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Pentagon Workers Enjoy Food, Raise Money for Memorial Fund

By Kathleen T. Rhem
American Forces Press Service

WASHINGTON, Oct. 8, 2004 – Thousands of Pentagon employees stood in line Oct. 7 to enjoy fresh-grilled bratwursts and make donations to the fund-raiser to build a Sept. 11 memorial just outside the Pentagon.

Johnsonville Sausage Company set up its "big taste grill" in the Pentagon's south parking lot, and volunteers from the company kept the charcoal going most of the day as they prepared sausages. Pentagon employees then purchased lunches, including a bratwurst sandwich, chips, soda and an ice cream bar, for a suggested $5 donation.

With one hour left in the fund-raiser, Raymond DuBois, the Pentagon's director of administration and management, announced that more than 4,000 lunches had been handed out so far. Many people chose not to buy bratwursts but made donations anyway.

All the food items were donated, so all the funds taken in went to the Pentagon Memorial Fund, which is run by family members of those killed here Sept. 11, 2001. The organization needs $17.5 million to build a permanent memorial near where American Airlines Flight 77 slammed into the building.

Pentagon Memorial Fund President Jim Laychak, whose brother David was killed in the Pentagon attack, said the fund has $4 million so far. Wearing a Johnsonville apron and a Pentagon Memorial badge that identifies him as a family member, Laychak noted that $3.2 million has come in the past eight months. "I really believe that we're gaining momentum and we're getting ready to go," he said.

Addressing the crowd, another family member, Elaine Donovan, expressed her appreciation to everyone who made it out to the Pentagon courtyard to contribute to the fund and urged people to not let their help stop there. "I would like to ask you to perhaps go home and think about how you can make another difference," said Donovan, who lost her husband, Navy Cdr. Bill Donovan, Sept. 11.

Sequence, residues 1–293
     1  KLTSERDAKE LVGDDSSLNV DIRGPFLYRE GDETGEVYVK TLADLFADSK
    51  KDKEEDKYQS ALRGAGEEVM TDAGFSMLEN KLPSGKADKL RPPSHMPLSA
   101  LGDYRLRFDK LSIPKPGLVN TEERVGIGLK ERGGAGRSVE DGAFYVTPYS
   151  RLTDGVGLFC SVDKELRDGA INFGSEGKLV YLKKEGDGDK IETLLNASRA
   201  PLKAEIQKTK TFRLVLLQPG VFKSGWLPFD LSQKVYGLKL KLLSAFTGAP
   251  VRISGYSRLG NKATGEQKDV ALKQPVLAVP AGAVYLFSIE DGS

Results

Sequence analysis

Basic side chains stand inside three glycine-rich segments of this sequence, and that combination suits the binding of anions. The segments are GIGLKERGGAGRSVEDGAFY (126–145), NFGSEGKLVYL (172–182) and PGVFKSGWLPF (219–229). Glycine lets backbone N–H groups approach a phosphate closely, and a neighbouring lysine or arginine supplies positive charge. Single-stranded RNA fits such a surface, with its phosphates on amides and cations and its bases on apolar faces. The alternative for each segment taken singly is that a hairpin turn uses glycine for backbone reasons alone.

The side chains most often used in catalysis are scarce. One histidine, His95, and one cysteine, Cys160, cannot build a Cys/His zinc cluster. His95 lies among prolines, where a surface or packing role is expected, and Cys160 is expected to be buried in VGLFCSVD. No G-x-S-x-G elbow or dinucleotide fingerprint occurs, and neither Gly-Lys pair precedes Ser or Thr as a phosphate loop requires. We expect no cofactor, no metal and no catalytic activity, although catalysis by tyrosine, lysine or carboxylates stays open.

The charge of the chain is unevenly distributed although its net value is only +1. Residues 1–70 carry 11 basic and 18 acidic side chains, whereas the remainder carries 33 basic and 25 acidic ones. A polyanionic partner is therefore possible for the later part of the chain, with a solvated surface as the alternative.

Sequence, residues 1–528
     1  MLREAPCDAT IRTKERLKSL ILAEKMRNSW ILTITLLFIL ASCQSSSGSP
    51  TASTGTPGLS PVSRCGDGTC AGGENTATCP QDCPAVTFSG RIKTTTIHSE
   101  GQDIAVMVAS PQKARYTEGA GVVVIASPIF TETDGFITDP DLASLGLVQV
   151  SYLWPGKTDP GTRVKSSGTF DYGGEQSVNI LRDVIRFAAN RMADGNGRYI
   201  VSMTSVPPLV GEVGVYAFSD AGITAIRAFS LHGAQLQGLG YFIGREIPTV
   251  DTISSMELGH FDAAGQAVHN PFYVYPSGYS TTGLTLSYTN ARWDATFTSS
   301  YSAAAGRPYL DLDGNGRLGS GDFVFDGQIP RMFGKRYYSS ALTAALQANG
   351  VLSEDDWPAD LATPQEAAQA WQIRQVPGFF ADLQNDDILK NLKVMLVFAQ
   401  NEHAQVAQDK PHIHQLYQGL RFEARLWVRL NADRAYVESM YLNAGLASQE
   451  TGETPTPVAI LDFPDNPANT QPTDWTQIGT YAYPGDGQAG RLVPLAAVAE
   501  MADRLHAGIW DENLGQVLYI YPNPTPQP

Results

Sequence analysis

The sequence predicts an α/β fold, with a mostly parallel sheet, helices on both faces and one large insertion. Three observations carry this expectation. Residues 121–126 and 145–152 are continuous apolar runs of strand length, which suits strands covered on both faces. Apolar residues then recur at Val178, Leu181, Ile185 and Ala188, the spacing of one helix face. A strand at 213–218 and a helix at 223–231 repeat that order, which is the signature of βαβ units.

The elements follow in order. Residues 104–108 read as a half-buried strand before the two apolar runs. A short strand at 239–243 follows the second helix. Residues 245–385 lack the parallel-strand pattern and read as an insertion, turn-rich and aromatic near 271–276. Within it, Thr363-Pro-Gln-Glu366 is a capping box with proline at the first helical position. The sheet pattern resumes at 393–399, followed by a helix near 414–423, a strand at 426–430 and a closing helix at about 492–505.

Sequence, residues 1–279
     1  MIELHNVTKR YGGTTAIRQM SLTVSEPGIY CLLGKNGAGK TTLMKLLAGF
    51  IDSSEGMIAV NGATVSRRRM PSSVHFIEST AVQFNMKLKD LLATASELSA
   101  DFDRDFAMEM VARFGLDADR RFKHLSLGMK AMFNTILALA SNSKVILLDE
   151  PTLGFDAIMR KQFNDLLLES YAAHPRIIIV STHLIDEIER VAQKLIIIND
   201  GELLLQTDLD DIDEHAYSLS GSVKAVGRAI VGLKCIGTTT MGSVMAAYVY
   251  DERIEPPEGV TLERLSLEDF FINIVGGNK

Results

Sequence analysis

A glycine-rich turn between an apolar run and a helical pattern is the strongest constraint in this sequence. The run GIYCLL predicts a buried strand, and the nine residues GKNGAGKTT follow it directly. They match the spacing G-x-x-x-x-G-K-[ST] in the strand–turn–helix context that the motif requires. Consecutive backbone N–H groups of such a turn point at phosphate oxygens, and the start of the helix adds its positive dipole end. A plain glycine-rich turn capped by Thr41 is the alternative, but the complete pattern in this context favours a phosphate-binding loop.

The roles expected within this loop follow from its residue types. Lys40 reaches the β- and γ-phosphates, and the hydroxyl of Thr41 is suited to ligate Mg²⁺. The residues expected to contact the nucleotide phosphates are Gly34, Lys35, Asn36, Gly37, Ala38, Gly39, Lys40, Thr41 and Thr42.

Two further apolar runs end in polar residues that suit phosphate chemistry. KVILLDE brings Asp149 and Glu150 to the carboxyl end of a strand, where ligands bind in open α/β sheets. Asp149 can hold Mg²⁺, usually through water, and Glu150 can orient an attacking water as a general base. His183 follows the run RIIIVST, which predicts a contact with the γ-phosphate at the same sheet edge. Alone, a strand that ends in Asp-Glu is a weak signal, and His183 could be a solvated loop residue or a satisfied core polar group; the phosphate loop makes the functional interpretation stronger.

She suggested church groups could hold pancake breakfasts or schools could have "Pennies for the Pentagon" drives. "Please don't stop today," she said. "This is a wonderful event, and maybe by tomorrow we'll have raised $5 million with this kind of turnout."

In addition to lunch, the event featured appearances by Miss America Deidre Downs, Miss Virginia Mariah Rice, and three of the Washington Redskins cheerleaders.

Rice said she was honored to be in the Pentagon among America's military servicemembers and civil servants. "When I first walked in, I looked at Deidre, and I said, 'Wow. We are inside the Pentagon,'" she said.

Miss Virginia also had kind words for military members throughout the world. "I just thank all of our military men and women who are out there," Rice said. "I just thank you for your service. I can't tell you how grateful I am as an American for all the service that you do."

Downs said the significance of the Pentagon Memorial Fund "cannot be overstated." She said she felt the memorial is about honoring those killed at the Pentagon and is also "a reminder of those who lost their lives in New York and Pennsylvania and all the men and women who are serving overseas in the war against terror."

In addition to the donated food and manpower, Johnsonville Sausage Company donated $15,000 to the Pentagon Memorial Fund. Company president Ralph Stayer explained why he feels it's important to support the military.

Stayer said his parents started their business as a small butcher shop in Wisconsin in 1945. Today the company sells $500 million worth of sausage in 40 countries. "It's the American dream, and you people are defending our right to do it," he said to the crowd. "And we thank you for it. And that's why we're here to support the Pentagon Memorial Fund."

With two food lines going, most people waited about 15 to 30 minutes to make their donation and get their lunch. But most didn't seem to mind. Army Capt. Sarah Albrycht works in the Army Office of the Provost Marshal General and was in line with her brother, Christopher Albrycht, who works for the Defense Intelligence Agency.

When asked if it was worth the wait, she had a short response: "Yeah, it's a nice day, and it's a good cause."

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